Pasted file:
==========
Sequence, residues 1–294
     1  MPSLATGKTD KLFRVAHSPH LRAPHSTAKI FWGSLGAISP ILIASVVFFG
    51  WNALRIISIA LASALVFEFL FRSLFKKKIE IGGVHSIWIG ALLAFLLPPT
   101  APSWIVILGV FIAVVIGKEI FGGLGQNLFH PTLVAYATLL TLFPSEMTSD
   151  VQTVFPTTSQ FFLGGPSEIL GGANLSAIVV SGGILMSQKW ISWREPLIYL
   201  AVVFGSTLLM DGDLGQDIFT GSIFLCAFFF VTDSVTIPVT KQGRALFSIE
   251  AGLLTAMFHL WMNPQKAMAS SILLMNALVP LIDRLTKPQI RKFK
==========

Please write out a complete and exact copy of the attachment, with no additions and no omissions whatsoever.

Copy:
Sequence, residues 1–294
     1  MPSLATGKTD KLFRVAHSPH LRAPHSTAKI FWGSLGAISP ILIASVVFFG
    51  WNALRIISIA LASALVFEFL FRSLFKKKIE IGGVHSIWIG ALLAFLLPPT
   101  APSWIVILGV FIAVVIGKEI FGGLGQNLFH PTLVAYATLL TLFPSEMTSD
   151  VQTVFPTTSQ FFLGGPSEIL GGANLSAIVV SGGILMSQKW ISWREPLIYL
   201  AVVFGSTLLM DGDLGQDIFT GSIFLCAFFF VTDSVTIPVT KQGRALFSIE
   251  AGLLTAMFHL WMNPQKAMAS SILLMNALVP LIDRLTKPQI RKFK